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Monday, July 13, 2009

Lessons in Anger & Prayer



A personal admission: I detest working on household finance. It is a world of mystery, intrigue and sabotage. More than once I have admitted that I am powerless over this stressing task and that my situation has become unmanageable. I blame this more or less on the fact that my father never taught me how to balance a checkbook before I went off to college. I realize that this is a lame excuse, but an excuse nonetheless. Efforts of trying to correct course and right the ship are usually met with many good intentions and poor follow through, however I am a work in progress and God loves me enough to send me back to the classroom of humility time and time again.

One such excursion was last week. Having reached a point of powerlessness and unmanageability once again, I turned to an expert in the field: a financial planner who, I assume, among other things, will help me to arrive at a financial plan and keep us on track with our elusive family budget. This is not the first time I have thrown up my hands in despair, but I am certainly hoping it will be the last. Ellen is a lovely woman. She is no-nonsense, direct, conservative, traditional and BORING (and I mean that in a respectful and good way). She does things with paper and pencil and refers often to her own former spending foibles. She is also on to my husband's Tommy Bahama habit, so this means that I like her a lot. I don't know if I buy her "seeing that extra money in the savings account is more fun than taking that Rome vacation" line however I am willing to delay my gratification in order to give her the benefit of the doubt.
So why do I quote anger at the top of this entry? BECAUSE I spent the better part of Friday and Saturday following Ellen's directions. Adding entries to her splendid spreadsheets, copiously compiling additional supportive dollar signs and bearing my financial soul to a complete stranger only to lose it amongst my 50,000 directories on my hard drive. It was nowhere to be found. The irony is that I have MANY folders and files named "finance", "budget", "expenditures": these are the wreckage of my past endeavors to reign in the family spending machine. They reside gleefully in my hard drive sort of like artifacts from a sunken treasure ship at the bottom of the deep blue sea. But, ya think I could find the priceless pearl that was only created a day ago? Nada. It is lost. Hopelessly missing. Gonesville.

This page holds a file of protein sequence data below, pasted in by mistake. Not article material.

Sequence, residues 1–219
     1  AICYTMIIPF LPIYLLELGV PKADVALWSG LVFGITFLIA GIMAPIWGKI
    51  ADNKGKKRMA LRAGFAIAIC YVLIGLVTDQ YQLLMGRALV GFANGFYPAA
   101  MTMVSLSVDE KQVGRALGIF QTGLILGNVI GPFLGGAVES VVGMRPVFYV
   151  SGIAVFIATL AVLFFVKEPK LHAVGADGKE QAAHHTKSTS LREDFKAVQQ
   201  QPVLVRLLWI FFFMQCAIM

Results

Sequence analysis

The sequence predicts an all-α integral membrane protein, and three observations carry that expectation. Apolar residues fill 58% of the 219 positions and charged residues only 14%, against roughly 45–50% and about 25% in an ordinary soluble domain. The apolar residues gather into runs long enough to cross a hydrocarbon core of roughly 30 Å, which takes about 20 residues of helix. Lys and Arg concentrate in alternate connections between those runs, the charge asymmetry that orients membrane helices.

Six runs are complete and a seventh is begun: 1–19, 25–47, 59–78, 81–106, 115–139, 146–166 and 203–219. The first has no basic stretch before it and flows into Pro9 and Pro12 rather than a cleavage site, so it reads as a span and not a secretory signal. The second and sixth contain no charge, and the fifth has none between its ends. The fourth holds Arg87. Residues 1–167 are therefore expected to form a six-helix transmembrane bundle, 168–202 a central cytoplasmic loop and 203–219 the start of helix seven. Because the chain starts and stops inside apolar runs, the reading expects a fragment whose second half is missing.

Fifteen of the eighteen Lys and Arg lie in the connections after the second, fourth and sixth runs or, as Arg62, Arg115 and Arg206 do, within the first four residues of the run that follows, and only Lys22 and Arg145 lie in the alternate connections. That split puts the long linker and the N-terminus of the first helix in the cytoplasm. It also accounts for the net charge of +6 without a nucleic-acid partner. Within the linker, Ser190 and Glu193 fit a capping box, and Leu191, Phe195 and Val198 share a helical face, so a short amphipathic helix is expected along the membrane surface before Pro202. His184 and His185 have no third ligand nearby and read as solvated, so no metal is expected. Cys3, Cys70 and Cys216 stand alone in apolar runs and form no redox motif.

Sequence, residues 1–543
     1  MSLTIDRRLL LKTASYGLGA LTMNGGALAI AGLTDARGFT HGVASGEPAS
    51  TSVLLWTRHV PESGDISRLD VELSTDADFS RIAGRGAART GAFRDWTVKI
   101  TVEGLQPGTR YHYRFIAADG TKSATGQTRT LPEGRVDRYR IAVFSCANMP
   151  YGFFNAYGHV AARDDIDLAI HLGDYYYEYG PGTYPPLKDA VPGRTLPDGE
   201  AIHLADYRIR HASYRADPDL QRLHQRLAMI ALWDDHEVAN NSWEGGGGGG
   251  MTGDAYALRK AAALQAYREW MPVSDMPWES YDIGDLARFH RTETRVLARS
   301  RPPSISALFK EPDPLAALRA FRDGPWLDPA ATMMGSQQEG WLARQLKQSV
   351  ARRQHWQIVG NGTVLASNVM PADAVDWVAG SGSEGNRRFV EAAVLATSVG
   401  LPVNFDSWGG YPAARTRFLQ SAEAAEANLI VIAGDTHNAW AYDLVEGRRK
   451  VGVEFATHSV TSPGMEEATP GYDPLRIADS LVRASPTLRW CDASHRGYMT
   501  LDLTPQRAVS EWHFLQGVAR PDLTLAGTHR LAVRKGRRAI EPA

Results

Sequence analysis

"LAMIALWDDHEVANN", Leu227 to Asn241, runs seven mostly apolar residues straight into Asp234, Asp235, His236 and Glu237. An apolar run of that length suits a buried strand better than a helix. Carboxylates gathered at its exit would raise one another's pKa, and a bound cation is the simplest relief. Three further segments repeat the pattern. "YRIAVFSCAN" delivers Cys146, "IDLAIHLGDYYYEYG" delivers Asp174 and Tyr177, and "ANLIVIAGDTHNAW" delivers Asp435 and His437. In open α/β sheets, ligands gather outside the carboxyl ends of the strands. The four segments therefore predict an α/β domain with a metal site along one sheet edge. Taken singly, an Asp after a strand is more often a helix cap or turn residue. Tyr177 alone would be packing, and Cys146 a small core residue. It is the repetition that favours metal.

The 'losing of things' usually sends me to a bad mood rather quickly. In this case, it was my brain sending a signal to my gut via a conduit of adrenaline that the problem will be solved by throwing said pc out of nearby window. By some grace, I was spared this urge and alternatively was reduced to sobbing and utterances of the word "why...". This episode illicited a reaction from my 12 year old. He is a brave boy. He actually entered the (den of fools) office and chanced to offer some consolation.

"Mom, what's wrong?"

Thru tears..."missing...can't find...all that work...gone".

Putting his arm around my shoulder...."Mom...", asks Jake, "Did you pray?"
-------
The dark side of me offers a 1 minute subconscious rebuttal...

"What did he mean, did I pray? Of COURSE I did not pray. I mean, c'mon. I am in the midst of my drama. What could praying possibly do but knock me off that horse that is so fun to ride?? Besides, the adrenaline rush is sooooo exhilerating! Pray. Peeshaw."

And now the Conscience overrides the dark side with the only action worth a darn: "O Lord, please help me find my stupid missing paperwork that is gone forever." or something to that effect. And then I walked away.
2 hours later, I decided that I would backtrack and create an entirely new document. Just for grins, I pulled the most recent 'Ellen' document and tried to "Save As" to a place that I would remember. It went to a temp file location on my drive. Guess what else was there? The document that went missing. Prayer answered.
Why do I share this with you? There are only three possibilities:

1. To demonstrate that I clearly have more work ahead of me in many areas of my life
2. To illustrate that wisdom & clarity can & does issue from the mouths of 12-year olds
3. Go to prayer first: it will save you 10 minutes of angst

*Footnote: It is honorably mentioned here that I learned as a pre-Christian, a prayer that my Grandma Phillips taught me. If something has gone missing, simply cross both legs and ask God to help you find it. As a Catholic, I learned that Grandma's prayer was the Methodist version of the "Tony, Tony please come round, something's lost that must be found" request. Bottom line, I know St. Anthony is behind this whole thing! Thanks be to God.

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